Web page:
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the previous year. the fast expansion is causing a programmer shortage. software companies are putting up online help want eed ads to fill the openings. others offer to pay $230,000 a year. a fierce battle is going on in the industry to hire well qualified programmers. in the contest, the participants are asked to write programs that automatically solve a puzzle by rearranging dice. the problems are designed to test their skills to write gaming programs. murai and other contestants have to come up with ideas to solve the problems and put them into numbers and symbols to make them work. they have two hours to solve five problems. speed is a big factor. along with the accuracy and quality of the programs.
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>> reporter: murai couldn't even start solving the last problem. the winner was a junior at the university of tokyo. murai came in eight but he was the top winner among the high school students. >> translator: i could have done a little better. still, it was fun. >> translator: it is becoming harder to hire good programmers. we want to hold events like this to outdo our competitors in attracting talented programmers. >> the company also plans to host similar contests in other countries to hire programmers with talent. well, we saw pictures of
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people earlier in okinawa and japan being affected by a typhoon. rachel ferguson joins us now with the world weather forecast. the sound of the rain and wind pounding my windows kept me up last night, but we're seeing fair skies this morning. are we in the clear? >> well, yes and no. certainly region has abawakened nicely. however, the storm is still going to be effecting northeastern japan. yesterday the typhoon made landfall in the region. it is now a tropical storm and is located just towards the east of tohoku region. so it has moved out over the water now. it's going to be moving towards the east of hokkaido today. we're still seeing sustained winds up above a hundred kilometers an hour with gusts over 140 kilometers per hour. the storm surge combined with spring tides could bring certainly the risk of coastal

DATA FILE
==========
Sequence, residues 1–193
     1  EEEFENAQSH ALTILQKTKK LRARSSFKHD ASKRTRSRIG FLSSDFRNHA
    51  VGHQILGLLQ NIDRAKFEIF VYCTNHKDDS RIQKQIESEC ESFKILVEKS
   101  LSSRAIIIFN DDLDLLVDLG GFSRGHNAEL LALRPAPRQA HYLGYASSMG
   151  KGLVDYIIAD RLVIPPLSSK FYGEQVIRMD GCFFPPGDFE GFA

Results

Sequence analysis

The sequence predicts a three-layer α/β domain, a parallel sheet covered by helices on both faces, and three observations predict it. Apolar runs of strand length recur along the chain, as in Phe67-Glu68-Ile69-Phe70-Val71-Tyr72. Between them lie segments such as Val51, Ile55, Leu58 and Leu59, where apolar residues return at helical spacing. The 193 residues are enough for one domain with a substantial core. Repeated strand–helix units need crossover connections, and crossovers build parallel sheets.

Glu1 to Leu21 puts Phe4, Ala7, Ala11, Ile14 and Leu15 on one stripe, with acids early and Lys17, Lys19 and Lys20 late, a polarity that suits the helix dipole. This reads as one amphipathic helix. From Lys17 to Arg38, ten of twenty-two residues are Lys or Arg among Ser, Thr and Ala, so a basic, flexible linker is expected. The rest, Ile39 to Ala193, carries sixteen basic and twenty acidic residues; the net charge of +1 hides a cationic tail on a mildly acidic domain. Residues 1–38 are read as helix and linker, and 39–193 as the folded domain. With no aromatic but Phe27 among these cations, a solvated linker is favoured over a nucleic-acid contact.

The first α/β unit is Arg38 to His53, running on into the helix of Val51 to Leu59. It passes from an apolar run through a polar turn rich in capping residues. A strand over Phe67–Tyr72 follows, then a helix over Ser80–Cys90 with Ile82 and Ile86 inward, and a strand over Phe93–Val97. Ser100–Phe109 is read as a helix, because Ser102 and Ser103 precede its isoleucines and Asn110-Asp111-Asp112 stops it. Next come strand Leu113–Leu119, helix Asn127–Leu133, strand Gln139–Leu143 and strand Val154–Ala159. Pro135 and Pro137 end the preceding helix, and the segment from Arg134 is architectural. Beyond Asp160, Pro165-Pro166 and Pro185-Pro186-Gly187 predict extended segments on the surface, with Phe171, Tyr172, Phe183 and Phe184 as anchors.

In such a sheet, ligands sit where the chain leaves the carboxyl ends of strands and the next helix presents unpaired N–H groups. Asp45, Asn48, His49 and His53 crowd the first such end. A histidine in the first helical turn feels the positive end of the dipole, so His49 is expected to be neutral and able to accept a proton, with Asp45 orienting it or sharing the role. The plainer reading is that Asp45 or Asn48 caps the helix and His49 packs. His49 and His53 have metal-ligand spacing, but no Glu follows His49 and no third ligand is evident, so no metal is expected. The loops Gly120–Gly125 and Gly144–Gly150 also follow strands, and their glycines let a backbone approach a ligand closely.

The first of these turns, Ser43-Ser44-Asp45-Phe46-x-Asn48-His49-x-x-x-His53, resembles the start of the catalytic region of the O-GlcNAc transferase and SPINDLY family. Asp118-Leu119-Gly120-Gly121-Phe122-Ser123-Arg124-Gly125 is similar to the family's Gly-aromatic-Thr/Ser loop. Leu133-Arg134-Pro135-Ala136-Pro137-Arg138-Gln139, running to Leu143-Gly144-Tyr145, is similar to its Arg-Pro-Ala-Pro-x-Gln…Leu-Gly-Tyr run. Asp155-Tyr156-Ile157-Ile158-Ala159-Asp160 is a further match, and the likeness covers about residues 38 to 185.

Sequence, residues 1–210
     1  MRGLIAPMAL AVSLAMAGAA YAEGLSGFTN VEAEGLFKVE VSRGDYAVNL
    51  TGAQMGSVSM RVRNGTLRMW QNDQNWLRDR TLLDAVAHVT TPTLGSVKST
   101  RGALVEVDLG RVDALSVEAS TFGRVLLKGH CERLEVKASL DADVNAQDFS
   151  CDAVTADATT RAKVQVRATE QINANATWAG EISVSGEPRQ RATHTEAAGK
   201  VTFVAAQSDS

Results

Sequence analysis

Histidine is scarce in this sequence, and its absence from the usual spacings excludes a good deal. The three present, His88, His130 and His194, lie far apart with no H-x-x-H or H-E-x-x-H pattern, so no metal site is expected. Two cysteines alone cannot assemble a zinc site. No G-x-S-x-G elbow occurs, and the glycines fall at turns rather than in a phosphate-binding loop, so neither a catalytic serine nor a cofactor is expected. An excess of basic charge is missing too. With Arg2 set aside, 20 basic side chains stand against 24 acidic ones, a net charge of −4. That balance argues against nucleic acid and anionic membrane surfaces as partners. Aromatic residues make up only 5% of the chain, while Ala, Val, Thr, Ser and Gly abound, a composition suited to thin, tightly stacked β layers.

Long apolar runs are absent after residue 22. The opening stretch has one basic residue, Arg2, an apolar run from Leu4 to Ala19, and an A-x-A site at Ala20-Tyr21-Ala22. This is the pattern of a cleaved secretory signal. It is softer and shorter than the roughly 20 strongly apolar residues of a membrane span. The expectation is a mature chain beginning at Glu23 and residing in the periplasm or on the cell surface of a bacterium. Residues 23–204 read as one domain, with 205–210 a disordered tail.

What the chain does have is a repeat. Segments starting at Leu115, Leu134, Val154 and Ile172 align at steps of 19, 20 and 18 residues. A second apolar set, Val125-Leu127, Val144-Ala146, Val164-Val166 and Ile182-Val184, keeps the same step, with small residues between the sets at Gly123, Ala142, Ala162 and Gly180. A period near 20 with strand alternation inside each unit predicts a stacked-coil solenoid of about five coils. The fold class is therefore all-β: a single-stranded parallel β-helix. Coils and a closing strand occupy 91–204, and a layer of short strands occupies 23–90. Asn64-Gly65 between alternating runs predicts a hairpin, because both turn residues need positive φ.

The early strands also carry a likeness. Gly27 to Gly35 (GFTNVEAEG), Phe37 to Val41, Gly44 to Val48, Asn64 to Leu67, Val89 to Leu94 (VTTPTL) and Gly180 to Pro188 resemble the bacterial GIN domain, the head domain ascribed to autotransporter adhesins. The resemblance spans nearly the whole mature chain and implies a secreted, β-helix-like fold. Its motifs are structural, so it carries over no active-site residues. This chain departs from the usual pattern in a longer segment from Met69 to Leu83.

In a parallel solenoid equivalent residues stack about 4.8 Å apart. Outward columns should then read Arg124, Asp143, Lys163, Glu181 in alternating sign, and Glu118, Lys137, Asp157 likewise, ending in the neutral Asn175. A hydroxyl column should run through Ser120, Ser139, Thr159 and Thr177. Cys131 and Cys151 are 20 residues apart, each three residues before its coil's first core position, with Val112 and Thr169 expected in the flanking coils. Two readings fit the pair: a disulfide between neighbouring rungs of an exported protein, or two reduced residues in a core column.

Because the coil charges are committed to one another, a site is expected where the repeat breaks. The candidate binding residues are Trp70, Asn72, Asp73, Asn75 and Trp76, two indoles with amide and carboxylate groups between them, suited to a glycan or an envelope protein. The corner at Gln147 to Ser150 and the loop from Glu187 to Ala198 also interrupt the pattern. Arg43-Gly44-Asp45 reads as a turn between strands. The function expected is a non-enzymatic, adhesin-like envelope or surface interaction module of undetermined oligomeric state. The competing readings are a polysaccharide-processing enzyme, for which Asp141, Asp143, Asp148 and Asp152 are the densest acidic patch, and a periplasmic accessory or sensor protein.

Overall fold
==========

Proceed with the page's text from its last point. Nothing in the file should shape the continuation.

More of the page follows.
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flooding. waves could be around six to eight meters for northeastern japan. and in terms of the rainfall, hokkaido is likely to see another hundred millimeters or so. certainly as we head into the day, it'll be drier across the day. another tropical expression has formed here. this one does look like it's going to be intensifying. it'll certainly be bringing heavy rain across the philippines today. then if i step out of the way to the east of the islands, yet another tropical depression. this one also looking right for intensification. by the end of the day, we could have two other tropical storms here. this to the east of the islands. heading up towards the northwest. this could be a problematic system later on in the week. elsewhere looking dry and clear across the continent. but a surge of warmth for